Organised by Giuseppe Ugazio

Speakers:

Huber Halope (WEF-GAIA), Rahul Kumar Jha (UN-ITU), Milos Maricic (The Altruistic League) and Giuseppe Ugazio (University of Geneva, Geneva School of Economics and Management), Katarzyna Wac (University of Geneva, Geneva School of Economics and Management)

Abstract:

This panel/round table discusses the ways in which AI has been / can be used for pro-social purposes. AI has demonstrated its unique potential for aiding businesses, research institutions, and other organizations. A growing movement including Non-profit and International Organisations based in Geneva are pushing for the deployment of AI for both a) to promote social good, and in particular aiding several initiatives aimed at accelerating the achievement of the SDGs, and b) to leverage the potential of AI technology for its own increased operational efficiency. The goal of this panel is to discuss where we stand with respect to the adoption of AI for promoting social good, with a particular focus on discussing what are the most promising ways in which AI can be used by organizations working to promote public good, such as philanthropic and/or international organizations such as ITU.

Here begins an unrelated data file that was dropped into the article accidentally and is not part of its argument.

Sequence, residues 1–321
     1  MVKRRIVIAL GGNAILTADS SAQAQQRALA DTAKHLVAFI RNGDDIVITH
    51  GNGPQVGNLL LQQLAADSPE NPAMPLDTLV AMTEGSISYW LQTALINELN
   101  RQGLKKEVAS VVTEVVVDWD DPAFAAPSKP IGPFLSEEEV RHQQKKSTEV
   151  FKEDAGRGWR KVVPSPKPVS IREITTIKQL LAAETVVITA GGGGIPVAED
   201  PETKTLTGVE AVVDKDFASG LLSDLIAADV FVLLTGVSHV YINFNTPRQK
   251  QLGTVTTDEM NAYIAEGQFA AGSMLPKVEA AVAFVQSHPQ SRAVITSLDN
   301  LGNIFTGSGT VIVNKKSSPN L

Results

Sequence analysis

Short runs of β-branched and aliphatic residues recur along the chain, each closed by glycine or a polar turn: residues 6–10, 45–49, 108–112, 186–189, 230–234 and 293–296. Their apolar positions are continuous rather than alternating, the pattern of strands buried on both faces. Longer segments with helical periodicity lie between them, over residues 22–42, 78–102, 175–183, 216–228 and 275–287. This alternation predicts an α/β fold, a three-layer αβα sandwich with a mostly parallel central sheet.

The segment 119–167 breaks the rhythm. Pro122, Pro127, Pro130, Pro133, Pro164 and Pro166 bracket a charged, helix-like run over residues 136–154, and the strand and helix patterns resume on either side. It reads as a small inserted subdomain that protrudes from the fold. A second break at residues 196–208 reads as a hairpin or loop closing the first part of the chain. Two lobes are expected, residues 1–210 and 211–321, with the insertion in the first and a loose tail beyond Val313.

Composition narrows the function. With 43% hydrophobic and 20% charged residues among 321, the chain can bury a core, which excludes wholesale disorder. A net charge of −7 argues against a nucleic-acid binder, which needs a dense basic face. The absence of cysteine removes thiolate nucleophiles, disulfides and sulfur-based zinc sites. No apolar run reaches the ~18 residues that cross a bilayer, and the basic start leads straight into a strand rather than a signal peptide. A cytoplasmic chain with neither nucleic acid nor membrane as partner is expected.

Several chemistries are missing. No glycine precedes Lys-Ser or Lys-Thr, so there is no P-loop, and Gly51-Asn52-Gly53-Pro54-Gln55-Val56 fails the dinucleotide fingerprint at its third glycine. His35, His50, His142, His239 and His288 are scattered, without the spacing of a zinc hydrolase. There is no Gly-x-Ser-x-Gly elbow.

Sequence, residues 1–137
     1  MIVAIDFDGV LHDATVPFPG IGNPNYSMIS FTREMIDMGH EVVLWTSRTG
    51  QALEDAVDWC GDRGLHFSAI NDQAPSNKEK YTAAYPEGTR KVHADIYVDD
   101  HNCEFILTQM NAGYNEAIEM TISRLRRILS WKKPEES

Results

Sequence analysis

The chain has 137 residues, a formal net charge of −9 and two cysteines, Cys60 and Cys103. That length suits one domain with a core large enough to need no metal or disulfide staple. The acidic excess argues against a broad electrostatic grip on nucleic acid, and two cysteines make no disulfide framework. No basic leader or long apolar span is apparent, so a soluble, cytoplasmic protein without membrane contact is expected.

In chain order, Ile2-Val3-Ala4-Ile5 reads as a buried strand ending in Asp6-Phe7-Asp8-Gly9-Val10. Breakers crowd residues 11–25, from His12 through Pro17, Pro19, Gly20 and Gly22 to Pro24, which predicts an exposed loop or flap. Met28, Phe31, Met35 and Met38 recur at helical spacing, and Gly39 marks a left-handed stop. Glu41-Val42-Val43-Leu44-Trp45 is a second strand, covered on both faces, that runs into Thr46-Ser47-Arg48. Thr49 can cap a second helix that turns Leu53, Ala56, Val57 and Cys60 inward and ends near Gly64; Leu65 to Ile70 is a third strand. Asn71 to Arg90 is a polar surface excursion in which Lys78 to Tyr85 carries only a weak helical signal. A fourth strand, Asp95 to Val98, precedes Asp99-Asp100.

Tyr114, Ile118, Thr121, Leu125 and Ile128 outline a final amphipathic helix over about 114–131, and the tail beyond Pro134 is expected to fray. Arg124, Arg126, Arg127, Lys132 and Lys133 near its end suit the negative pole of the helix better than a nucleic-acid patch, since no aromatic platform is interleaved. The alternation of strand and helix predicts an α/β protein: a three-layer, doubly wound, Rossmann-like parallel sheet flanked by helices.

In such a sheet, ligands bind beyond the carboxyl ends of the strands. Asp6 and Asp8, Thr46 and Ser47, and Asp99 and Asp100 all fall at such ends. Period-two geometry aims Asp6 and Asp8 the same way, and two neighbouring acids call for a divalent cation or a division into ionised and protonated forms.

15h30-17h00: Deuxième session de panels / tables rondes

Organised by Paola Merlo and Emilie Wyss

Speakers:

Valentina Borghesani (University of Geneva, Faculty of Psychology and Education Sciences), James Henderson (IDIAP), Itsaso Olasagasti (University of Geneva, Faculty of Medicine) Nikhil Phaniraj (University of Zurich, Department of Anthropology) and Martin Volk (University of Zurich, Department of Computational Linguistics)

Abstract:

Artificial intelligence has a significant  impact on the evolution of human language and our communication. Machines that create (fake) news, conversations with our voice assistant or brain-computer interfaces that predict our speech are no longer pipe dreams but a reality. What does this mean for the evolution of language? Where are we heading to with this? Where do we want to arrive?